Six Marines were inside an amphibious assault vehicle when it sank.
The Marines have identified the man who died after his amphibious assault vehicle sank during a training exercise.
He was among six marines who were abroad the vehicle during the exercise. The other five marines were able to make it safely out of the vehicle.
Search and rescue crews worked to pump oxygen into the AAV for Rice who was trapped inside for several hours, according to a spokesperson with the 15th Marine Expeditionary Unit.
Divers freed him from the vehicle shortly after 2:00 p.m. He was flown to Scripps Memorial Hospital in La Jolla where he was pronounced dead.
"To the family, our condolences go to them, on behalf of the Assault Amphibian Battalion and obviously all the Marines here at Camp Pendleton,” said Maj. Daniel J. Thomas.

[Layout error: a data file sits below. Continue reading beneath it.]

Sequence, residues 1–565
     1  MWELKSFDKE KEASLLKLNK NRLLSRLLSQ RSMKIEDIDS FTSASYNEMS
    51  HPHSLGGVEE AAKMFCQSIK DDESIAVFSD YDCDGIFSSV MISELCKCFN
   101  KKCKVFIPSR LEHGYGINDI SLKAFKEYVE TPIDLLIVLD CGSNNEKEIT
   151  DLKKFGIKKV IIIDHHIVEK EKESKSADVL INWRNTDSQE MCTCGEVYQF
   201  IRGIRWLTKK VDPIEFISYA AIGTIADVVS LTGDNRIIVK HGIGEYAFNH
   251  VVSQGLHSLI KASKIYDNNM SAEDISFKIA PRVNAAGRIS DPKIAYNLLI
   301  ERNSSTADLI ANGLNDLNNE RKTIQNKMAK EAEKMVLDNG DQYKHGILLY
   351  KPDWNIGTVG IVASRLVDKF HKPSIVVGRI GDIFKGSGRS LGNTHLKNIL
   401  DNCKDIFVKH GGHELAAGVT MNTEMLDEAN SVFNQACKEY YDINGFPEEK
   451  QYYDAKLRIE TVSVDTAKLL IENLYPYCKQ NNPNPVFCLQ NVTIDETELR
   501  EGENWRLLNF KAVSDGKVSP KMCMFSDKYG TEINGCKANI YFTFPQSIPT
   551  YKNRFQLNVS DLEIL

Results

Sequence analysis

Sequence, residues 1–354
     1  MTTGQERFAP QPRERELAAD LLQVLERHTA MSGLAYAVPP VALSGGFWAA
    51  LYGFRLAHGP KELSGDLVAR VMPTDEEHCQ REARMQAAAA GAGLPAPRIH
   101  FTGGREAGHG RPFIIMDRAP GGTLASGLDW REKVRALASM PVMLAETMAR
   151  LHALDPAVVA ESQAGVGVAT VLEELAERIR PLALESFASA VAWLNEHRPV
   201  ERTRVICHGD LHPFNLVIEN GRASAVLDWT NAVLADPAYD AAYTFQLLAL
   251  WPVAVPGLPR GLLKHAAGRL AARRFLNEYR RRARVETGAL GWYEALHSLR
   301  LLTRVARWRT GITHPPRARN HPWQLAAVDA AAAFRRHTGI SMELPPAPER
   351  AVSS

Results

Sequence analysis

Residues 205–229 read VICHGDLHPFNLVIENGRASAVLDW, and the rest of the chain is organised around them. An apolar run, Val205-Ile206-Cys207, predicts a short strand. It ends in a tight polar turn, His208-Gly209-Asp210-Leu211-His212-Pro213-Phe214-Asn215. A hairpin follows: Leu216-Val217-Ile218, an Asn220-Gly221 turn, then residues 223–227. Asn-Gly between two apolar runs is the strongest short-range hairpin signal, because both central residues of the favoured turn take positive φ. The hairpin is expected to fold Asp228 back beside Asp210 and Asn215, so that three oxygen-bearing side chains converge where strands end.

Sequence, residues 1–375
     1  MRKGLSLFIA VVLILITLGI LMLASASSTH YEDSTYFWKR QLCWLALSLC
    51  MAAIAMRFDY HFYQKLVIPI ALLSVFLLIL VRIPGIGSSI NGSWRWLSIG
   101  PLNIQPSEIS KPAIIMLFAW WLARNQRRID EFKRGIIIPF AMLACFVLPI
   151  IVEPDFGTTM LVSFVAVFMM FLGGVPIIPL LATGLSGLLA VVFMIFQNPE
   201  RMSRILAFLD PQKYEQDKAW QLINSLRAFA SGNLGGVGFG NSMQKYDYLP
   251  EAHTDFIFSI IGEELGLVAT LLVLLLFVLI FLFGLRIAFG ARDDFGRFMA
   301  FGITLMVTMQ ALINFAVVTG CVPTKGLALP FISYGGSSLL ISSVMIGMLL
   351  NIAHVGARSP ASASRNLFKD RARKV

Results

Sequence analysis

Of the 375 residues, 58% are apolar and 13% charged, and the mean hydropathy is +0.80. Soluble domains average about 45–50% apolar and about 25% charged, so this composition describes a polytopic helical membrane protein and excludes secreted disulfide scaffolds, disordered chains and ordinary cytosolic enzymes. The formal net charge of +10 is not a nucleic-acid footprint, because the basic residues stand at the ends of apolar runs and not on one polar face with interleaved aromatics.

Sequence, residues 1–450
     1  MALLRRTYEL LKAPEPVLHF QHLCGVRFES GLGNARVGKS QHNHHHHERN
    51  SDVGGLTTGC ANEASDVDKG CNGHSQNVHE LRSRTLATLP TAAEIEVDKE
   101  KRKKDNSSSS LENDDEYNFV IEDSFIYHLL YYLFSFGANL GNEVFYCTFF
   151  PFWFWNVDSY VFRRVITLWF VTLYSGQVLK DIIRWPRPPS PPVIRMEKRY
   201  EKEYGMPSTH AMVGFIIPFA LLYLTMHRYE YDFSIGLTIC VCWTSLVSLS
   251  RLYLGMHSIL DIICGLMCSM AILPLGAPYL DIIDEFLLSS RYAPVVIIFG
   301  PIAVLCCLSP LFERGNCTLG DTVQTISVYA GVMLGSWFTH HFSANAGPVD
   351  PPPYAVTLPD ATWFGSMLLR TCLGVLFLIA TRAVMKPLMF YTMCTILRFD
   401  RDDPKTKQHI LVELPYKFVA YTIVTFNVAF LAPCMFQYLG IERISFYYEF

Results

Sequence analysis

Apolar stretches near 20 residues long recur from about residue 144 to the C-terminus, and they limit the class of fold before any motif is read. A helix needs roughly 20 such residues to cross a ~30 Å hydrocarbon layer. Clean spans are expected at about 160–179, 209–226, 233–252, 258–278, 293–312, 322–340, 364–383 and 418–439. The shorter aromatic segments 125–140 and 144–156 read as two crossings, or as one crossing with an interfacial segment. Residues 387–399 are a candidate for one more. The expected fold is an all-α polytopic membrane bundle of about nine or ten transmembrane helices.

The training vehicle was part of the Amphibious Assault Vehicle Schools Battalion. The Marines use the vehicle to transport troops from ship to shore.
“Roughly about a 32 to 36 ton vehicle that is made to travel on land and under the water,” said Maj. Thomas. “For them this is their initial driver training in the water at the basin controlled environment before they go into the open ocean.”
The Marines plan to look into what caused the vehicle to sink.
“There will be a thorough investigation into this mishap that occurred and based off that, we will have… reports that come, lessons learned in terms of preventing anything like this from happening,” said Maj. Thomas.
During his service, Rice was awarded the Combat Action Ribbon, National Defense Service Medal, Iraq Campaign Medal, Global War on Terrorism Expeditionary Medal, Global War on Terrorism Service Medal and two Sea Service Deployment Ribbons.